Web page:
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Work-Life Balance Is a Myth. Do This Instead

Aug. 12, 2019 Time

If you think about it, work-life balance is a strange aspiration for a fulfilling life. Balance is about stasis: if our lives were ever in balance — parents happy, kids taken care of, work working — then our overriding thought would be to shout “Nobody move!” and pray all would stay perfect forever. This false hope is made worse by the categories themselves. They imply that work is bad, and life is good; we lose ourselves in work but find ourselves in life; we survive work, but live life. And so the challenge, we are told, is to balance the heaviness of work with the lightness of life.

Yet work is not the opposite of life. It is instead a part of life — just as family is, as are friends and community and hobbies. All of these aspects of living have their share of wonderful, uplifting moments and their share of moments that drag us down. The same is true of work, yet when we think of it as an inherent bad in need of a counterweight, we lose sight of the possibility for better.

It seems more useful, then, to not try to balance the unbalanceable, but to treat work the same way you do life: By maximizing what you love. Here’s what we mean.

Consider why two people doing exactly the same work seem to gain strength and joy from very different moments. When we interviewed several anesthesiologists, we found that while their title and job function are identical, the thrills and chills they feel in their job are not. One said he loved the thrill of holding each patient hovering at that one precise point between life and death, while he shuddered at the “pressure” of helping each patient get healthy once the operation was complete. Another said she loved the bedside conversations before the operation, and the calm sensitivity required to bring a sedated patient gently back to consciousness without the panic that afflicts many patients. Another was drawn mostly to the intricacies of the anesthetic mechanism itself and has dedicated herself to defining precisely how each drug does what it does. Each one of us, for no good reason other than the clash of our chromosomes, draws strength from different activities, situations, moments and interactions.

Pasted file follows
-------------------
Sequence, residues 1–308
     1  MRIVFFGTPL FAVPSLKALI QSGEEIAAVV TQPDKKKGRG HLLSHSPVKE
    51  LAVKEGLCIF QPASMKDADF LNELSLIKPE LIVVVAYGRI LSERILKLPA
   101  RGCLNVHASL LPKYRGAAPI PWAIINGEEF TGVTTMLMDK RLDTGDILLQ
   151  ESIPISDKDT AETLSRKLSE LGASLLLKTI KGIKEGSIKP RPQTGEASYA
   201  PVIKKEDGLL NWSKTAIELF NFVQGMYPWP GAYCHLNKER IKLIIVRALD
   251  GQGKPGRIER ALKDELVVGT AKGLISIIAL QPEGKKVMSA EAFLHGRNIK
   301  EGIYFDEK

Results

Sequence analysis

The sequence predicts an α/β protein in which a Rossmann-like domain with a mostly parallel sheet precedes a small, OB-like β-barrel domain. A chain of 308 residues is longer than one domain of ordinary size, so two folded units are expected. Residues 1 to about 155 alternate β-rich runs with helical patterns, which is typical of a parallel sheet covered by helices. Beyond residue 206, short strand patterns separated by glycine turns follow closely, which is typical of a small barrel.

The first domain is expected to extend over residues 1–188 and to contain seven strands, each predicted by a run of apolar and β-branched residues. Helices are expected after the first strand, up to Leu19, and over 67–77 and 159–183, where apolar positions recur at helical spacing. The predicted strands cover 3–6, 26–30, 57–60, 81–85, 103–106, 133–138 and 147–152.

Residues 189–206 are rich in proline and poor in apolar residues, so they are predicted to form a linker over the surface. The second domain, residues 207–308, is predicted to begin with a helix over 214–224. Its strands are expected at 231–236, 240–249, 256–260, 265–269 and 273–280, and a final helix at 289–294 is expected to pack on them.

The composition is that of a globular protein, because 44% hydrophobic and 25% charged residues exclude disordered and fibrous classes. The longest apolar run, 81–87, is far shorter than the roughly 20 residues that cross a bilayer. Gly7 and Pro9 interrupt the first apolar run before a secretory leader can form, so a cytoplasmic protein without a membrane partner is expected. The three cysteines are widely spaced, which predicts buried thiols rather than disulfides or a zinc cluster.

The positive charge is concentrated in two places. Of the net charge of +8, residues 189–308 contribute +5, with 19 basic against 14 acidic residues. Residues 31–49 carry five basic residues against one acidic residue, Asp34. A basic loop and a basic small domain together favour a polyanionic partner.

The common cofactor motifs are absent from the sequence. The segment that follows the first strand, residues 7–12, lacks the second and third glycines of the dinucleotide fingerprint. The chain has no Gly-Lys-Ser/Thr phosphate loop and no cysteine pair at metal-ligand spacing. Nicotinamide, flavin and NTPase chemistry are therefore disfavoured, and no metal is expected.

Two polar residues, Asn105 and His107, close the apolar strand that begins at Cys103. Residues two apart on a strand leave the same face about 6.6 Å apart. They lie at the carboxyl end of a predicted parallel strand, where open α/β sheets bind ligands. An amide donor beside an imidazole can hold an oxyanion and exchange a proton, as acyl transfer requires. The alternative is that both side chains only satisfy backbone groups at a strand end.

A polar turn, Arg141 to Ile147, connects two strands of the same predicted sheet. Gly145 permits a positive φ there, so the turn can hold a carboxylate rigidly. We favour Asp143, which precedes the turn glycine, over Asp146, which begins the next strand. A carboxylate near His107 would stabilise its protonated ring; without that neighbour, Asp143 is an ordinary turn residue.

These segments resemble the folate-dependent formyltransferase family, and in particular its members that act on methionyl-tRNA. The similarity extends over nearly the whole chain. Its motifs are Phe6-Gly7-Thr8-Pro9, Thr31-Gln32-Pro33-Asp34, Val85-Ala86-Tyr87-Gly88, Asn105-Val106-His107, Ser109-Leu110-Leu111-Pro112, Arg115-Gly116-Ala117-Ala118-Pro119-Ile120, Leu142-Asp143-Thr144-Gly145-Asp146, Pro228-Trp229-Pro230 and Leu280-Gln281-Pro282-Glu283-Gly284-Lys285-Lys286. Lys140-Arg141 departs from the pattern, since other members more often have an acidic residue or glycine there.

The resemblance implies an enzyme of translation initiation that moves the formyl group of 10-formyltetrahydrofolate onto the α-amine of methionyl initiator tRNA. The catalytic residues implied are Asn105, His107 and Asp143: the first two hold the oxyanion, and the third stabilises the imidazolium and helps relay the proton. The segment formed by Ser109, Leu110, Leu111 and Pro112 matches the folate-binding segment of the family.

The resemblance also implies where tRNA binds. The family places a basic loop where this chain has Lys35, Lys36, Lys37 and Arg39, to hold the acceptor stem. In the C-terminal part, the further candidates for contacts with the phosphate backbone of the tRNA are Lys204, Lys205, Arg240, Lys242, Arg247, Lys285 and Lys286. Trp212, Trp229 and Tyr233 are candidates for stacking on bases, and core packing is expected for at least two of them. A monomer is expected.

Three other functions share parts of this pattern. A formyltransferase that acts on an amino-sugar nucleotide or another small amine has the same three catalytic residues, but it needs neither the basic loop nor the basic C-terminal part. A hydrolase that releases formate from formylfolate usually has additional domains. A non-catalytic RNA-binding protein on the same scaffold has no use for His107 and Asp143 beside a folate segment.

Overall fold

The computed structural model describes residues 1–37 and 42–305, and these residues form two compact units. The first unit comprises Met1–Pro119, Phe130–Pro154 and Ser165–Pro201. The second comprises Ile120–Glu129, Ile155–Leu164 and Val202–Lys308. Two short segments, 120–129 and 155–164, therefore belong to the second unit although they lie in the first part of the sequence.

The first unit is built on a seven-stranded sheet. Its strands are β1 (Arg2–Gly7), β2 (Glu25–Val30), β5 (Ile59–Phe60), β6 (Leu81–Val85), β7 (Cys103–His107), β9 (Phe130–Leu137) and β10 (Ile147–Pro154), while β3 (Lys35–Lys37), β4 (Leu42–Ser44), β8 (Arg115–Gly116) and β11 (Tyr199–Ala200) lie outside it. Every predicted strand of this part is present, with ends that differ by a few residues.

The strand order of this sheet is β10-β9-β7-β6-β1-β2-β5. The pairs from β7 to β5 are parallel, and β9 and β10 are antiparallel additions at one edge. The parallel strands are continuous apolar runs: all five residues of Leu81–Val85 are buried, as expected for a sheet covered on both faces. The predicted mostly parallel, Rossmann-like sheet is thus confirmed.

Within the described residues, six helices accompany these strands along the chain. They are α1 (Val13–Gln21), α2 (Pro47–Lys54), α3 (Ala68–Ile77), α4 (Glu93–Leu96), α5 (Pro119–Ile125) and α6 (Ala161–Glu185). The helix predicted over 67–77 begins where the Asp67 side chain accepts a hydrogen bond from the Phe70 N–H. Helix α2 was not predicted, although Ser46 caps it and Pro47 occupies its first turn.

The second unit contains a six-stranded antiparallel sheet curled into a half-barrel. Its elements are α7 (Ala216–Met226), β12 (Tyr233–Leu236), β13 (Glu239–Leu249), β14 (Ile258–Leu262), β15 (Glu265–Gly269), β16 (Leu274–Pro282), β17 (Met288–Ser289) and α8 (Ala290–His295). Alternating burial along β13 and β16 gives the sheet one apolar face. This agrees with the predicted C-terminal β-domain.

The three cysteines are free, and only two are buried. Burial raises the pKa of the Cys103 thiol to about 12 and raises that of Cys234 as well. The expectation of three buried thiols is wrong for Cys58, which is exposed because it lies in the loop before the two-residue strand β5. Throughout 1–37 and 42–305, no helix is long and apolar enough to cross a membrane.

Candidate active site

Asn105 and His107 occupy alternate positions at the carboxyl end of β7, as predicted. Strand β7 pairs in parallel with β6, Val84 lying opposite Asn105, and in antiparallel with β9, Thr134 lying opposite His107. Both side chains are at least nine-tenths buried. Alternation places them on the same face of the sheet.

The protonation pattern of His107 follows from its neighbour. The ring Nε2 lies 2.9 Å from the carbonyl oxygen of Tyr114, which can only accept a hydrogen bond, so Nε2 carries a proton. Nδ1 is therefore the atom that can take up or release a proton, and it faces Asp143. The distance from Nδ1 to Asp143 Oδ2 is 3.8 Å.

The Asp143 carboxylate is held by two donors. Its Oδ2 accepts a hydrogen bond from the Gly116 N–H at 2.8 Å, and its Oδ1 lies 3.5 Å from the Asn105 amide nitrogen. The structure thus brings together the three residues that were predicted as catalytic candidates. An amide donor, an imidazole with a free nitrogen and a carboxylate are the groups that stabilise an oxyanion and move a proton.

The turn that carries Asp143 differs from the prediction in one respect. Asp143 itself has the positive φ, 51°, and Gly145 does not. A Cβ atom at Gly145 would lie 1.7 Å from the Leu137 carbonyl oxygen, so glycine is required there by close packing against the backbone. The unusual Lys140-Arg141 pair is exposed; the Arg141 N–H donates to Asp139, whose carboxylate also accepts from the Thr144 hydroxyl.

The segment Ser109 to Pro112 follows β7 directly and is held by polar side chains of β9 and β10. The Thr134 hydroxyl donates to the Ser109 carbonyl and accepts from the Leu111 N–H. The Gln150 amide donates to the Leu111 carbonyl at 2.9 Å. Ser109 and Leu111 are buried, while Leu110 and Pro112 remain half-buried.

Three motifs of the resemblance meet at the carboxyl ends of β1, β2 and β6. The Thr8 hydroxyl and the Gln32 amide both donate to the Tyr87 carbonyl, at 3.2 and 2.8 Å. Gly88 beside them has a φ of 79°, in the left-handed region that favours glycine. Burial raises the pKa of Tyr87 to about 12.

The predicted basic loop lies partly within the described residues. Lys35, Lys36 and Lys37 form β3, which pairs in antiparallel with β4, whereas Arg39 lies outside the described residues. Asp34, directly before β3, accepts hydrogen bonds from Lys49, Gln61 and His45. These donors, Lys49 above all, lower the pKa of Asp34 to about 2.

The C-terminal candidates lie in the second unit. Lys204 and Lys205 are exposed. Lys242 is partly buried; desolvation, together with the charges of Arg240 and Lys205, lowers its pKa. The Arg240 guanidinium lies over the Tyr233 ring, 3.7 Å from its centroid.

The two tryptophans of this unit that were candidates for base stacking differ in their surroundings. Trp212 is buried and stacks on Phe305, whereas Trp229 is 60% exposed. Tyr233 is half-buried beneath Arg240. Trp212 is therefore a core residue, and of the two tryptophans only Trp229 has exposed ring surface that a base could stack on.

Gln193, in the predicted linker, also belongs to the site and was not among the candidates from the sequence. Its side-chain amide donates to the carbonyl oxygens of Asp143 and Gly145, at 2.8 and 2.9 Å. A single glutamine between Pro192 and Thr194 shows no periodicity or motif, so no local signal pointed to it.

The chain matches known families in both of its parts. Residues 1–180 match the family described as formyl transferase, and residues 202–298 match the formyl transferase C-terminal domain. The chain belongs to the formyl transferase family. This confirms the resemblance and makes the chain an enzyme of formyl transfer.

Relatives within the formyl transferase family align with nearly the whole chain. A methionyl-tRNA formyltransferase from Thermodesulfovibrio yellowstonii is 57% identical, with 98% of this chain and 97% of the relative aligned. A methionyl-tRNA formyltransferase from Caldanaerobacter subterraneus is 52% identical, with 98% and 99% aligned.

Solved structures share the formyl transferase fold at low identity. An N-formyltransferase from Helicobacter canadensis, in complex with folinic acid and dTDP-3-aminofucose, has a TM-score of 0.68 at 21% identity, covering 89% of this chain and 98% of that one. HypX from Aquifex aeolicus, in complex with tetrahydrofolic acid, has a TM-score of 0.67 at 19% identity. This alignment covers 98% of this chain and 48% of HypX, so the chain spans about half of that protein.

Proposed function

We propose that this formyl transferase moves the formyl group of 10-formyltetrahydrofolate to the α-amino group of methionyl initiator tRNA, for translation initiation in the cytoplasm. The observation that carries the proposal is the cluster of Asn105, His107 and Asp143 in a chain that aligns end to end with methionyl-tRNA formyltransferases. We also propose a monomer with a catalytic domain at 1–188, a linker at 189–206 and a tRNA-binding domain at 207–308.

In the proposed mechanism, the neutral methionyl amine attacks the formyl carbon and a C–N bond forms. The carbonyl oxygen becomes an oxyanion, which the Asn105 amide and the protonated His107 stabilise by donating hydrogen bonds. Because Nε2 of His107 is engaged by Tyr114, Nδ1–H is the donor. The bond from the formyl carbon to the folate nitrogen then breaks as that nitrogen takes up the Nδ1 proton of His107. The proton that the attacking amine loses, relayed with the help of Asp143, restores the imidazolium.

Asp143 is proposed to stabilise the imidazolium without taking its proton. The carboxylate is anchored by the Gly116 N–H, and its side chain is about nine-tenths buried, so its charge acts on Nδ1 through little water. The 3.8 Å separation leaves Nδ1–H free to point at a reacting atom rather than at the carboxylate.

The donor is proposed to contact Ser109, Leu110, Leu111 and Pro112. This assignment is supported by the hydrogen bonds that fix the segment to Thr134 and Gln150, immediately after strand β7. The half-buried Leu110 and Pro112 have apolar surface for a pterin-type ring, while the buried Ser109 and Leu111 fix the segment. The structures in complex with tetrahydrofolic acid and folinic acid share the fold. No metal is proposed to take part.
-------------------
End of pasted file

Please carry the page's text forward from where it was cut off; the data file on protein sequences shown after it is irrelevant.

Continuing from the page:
Think of your life’s many different activities as threads. Some are black, some are grey and some are white. But some of these activities appear to be made of a different substance. These activities contain all the tell-tale signs of love: before you do them, you find yourself looking forward to them; while you’re doing them, time speeds up and you find yourself in flow; and after you’ve done them, you feel invigorated. These are your red threads, and research by the Mayo Clinic suggests that doctors who weave the fabric of their life with at least 20% red threads are significantly less likely to experience burnout.

The simplest way for you to do this is to spend a week in love with your job. This sounds odd, but all it really means is to select a regular week at work and take a pad around with you for the entire week. Down the middle of this pad, draw a vertical line to make two columns, and write “Loved It” at the top of one column and “Loathed It” at the top of the other. During the week, any time you find yourself feeling one of the signs of love scribble down exactly what you were doing in the Loved It column. And any time you find yourself feeling the inverse — before you do something, you procrastinate; while you do it, time drags; and when you’re done with it, you hope you never have to do it again — scribble down exactly what you were doing in the Loathed It column.

Obviously, there’ll be plenty of activities in your week that don’t make either list, but if you spend a week in love with your work, by the end of the week you will see a list of activities in your Loved It column that feel different to you than the rest of your work. They’ll have a different emotional valence, creating in you a distinct and distinctly positive feeling, one that draws you in and lifts you up.

Our research (a stratified random sample of the working populations of nineteen countries) reveals that 73% of us claim that we have the freedom to modify our job to fit our strengths better, but that only 18% of us do so. Your challenge, then, is to use your red threads to intelligently change, over time, the content of your job, so that it contains more things that you love doing and fewer that you’re aching to escape.

The most helpful categories for us are not “work” and “life.” We should not struggle to balance the two. Instead, the best categories are “love” and “loathe.” Our goal should be to, little by little, week by week, intentionally imbalance all aspects of our work toward the former and away from the latter. Not simply to make us feel better, but so that our colleagues, our friends and our family can all benefit from us at our very best.

We can’t always do only what we love. But we can always find the love in what we do.

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